Attunements to Weathering
At Santana, we, a group of students, educators and a pedagogical coordinator, were searching for ways to notice liveliness in the wind. We initially set out thinking about wind as a language that we wanted to make visible. As we are located in a school deep in the Andes, we thought about how mountainous landscapes, and in particular the mountainous landscape in and around Cuenca, invited an attunement to the strong gusts that we often felt during stormy weather. There was a contextualized relationship here that was specific to Andean relation. In the classroom, we started to pay attention to the actions of the wind, for example, in the leaves crackling, and the sounds of moving paper when the windows were open. We were trying to think closely with the work of wind on different types of mediums .
We noticed how wind usually manifests itself through something, and thought about it’s relationship with our bodies. In our search for wind relations we thought with Tonya Rooney (2019) who works with the term “weathering” as an approach to temporality (past, presents, futures) that allows one to slow down and witness changes in the climate. Rooney (2019) describes encounters with weather as a type of bodily affect, one in which we are negotiating our bodies in weather, and attuning to it’s temporalities. As we wanted to approach the language of wind through a careful noticing, we explored ways in which our bodies were entangled with it. We paid close attention to the corporeal ways in which we could slow down touch, and hear wind, while taking seriously that these senses were very much entangled. Everything is connected at some point, the components of sensation (sound, touch, the visual) do not work individually but in unison. When we stopped and slowed down, we would see how the wind moved the forests around us. When we closed our eyes we could hear the strength of the wind. We started to attempt to attune ourselves with the varieties of breezes and drafts and found ways to animate it in our conversation. When it was quiet, we would describe the wind as “sleepy”, when it was stormy we’d comment on the way it moves water. Wind does not exist on it’s own. It is tied to other elements such as water in the rain. We were wondering how we could deepen our sensitivities and how could we dissolve the imaginary boundaries of wind and the cultures that surround it. How could we trace and situate these winds in context with Cuenca’s landscapes?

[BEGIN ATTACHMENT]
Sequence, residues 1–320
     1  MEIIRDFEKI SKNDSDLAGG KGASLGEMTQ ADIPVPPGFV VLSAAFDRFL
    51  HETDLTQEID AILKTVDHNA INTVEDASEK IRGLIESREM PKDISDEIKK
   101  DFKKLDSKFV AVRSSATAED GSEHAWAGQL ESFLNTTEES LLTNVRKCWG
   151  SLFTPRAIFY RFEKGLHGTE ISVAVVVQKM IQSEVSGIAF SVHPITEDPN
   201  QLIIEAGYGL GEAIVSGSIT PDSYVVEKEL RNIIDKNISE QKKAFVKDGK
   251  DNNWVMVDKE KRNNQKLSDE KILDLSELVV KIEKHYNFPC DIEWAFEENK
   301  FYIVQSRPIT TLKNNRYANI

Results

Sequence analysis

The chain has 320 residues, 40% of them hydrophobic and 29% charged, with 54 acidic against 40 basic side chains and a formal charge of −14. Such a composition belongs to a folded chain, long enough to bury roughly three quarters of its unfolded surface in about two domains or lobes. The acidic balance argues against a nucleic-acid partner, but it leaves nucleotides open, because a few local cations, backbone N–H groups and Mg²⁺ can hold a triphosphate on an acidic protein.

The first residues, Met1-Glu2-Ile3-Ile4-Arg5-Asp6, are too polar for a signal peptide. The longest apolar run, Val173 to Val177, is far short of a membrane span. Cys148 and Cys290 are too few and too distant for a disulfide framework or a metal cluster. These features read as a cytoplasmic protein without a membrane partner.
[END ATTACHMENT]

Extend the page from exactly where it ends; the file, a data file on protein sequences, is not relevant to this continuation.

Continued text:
Encounters with the Gallery